Powell promises aid to rid Afghanistan of terrorists

KABUL, Afghanistan -- Secretary of State Colin Powell, the most senior U.S. official to visit Afghanistan in 25 years, promised Thursday the United States would help rebuild the country and wipe out the "contamination" of terrorism.

Powell told Hamid Karzai, the interim Afghan leader, the United States would make a substantial financial commitment at next week's international aid donors conference in Tokyo and that U.S. forces would be relentless in pursuing the remnants of al-Qaida and the Taliban.

"This country needs everything," Powell said on NBC's "Today" show. "It needs a banking system. It needs a health-care system. It needs a sanitation system. It needs a phone system. It needs road construction."

Prime Minister Karzai emphasized Afghanistan's deep needs during a joint news conference at the presidential palace.

"The Afghan people have been asking for a staying commitment, a staying partnership, from the United States to Afghanistan in order to make the region safe, in order to make Afghanistan stand back on its own feet and continue to fight against terrorism or the return of terrorism in any form to this country," Karzai said.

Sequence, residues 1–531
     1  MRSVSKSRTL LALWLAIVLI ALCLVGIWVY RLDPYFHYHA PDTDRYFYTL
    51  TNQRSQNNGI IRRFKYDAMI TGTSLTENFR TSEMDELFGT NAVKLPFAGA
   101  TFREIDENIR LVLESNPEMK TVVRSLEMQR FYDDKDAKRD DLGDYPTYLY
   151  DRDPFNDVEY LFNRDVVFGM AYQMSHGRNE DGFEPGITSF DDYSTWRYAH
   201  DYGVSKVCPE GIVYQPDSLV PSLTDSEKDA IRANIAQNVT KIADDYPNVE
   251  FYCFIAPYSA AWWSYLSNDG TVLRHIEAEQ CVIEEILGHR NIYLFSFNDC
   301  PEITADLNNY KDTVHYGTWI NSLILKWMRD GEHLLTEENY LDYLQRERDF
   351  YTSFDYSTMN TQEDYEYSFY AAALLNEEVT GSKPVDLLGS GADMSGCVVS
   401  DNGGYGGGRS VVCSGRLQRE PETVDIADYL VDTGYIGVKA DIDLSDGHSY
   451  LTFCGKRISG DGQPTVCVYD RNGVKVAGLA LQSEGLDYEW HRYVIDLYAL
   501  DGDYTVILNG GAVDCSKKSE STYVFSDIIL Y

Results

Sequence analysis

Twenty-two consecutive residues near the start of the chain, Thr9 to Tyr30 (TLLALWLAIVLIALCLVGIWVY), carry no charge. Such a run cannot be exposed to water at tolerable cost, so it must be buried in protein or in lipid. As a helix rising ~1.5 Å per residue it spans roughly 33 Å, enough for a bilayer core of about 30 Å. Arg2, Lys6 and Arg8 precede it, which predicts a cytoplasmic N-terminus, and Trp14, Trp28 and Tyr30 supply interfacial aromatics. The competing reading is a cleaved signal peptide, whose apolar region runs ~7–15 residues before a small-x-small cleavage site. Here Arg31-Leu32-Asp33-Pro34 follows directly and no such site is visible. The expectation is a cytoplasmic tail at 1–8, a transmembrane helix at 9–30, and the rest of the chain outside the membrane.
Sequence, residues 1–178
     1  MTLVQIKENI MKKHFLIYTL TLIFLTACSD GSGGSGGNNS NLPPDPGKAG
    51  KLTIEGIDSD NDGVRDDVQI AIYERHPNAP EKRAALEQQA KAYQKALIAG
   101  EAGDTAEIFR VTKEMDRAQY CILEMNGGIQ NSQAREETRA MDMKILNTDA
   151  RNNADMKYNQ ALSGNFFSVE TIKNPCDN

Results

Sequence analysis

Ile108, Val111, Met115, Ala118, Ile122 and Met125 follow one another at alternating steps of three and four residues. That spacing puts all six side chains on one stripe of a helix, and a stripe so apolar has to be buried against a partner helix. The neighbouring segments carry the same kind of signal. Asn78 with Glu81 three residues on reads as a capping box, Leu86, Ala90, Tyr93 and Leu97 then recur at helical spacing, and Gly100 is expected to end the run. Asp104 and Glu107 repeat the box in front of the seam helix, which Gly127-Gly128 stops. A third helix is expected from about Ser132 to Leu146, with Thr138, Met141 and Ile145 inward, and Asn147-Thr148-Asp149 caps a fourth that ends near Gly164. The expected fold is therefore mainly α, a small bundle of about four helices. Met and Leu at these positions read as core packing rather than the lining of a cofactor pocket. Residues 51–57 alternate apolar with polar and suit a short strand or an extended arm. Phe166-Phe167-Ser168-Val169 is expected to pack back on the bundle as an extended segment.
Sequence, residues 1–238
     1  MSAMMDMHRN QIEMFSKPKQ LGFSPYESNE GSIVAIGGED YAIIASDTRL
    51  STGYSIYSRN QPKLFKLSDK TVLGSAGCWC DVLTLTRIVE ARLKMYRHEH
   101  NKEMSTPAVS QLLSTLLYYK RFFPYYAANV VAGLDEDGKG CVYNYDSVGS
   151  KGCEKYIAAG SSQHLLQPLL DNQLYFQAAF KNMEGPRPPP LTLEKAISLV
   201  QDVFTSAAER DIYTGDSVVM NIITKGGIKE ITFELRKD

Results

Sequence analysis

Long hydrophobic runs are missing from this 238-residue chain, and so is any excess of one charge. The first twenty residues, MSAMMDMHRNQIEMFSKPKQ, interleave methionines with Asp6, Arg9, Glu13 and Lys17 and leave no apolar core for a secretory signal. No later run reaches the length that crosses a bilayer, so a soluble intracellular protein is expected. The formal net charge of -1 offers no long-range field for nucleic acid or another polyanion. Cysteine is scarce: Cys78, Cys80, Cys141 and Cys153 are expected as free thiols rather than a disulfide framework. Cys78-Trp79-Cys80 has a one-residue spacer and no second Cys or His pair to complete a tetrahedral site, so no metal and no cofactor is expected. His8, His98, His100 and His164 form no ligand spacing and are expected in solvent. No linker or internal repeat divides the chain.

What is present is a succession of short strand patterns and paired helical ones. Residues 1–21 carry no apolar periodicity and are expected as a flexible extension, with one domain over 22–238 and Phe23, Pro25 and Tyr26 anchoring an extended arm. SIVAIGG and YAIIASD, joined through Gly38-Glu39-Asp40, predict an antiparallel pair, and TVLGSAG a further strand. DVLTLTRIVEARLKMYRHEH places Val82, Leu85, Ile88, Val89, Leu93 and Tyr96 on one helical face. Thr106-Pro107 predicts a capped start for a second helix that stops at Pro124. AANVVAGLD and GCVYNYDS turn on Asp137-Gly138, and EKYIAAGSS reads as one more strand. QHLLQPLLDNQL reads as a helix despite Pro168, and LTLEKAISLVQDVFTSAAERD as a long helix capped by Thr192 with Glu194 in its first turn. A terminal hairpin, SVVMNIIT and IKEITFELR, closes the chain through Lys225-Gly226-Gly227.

Powell assured Karzai that Washington would be steadfast.

"We don't want to leave any contamination behind," Powell said of continuing military efforts to purge Afghanistan of terrorists. "That is in the interests of the Afghan people and certainly the mission we c

In a continuing sign of lawlessness outside Kabul, two trucks belonging to the U.N.'s World Food Program were hijacked by gunmen in northern Afghanistan, the United Nations said Thursday, in the latest report of banditry hampering aid operations in the country.

U.S. troops on Thursday were helping Afghan forces in a disarmament campaign in one of country's most potentially volatile regions, where weapons are plentiful and law enforcement is minimal.

The joint U.S.-Afghan force was collecting weapons house to house in the southern town of Spinboldak, near the border with Pakistan in Kandahar province, once the heartland of the Taliban. Marine demolitions teams exploded old warheads for surface-to-air missiles discovered at a Taliban air-defense site, Marine officials said at a daily briefing in Kandahar, where the United States has its largest base in Afghanistan.

Despite intense U.S. airstrikes on suspected al-Qaida hideouts in Afghanistan, how many of its members remain at large is unclear. Many may have fled into Pakistan and gone into hiding in the rugged territory.

Five men clad in burqas, the all-covering female garment once mandated by the Taliban, were arrested Wednesday in Pakistan's Punjab province following a high-speed chase that began after the men's car ran down a pedestrian, witnesses and officials said.

Interior Ministry officials, speaking on condition of anonymity, confirmed that some foreign nationals, including Arabs, were among the arrested men. Ministry sources said they believed the arrested men belonged to al-Qaida.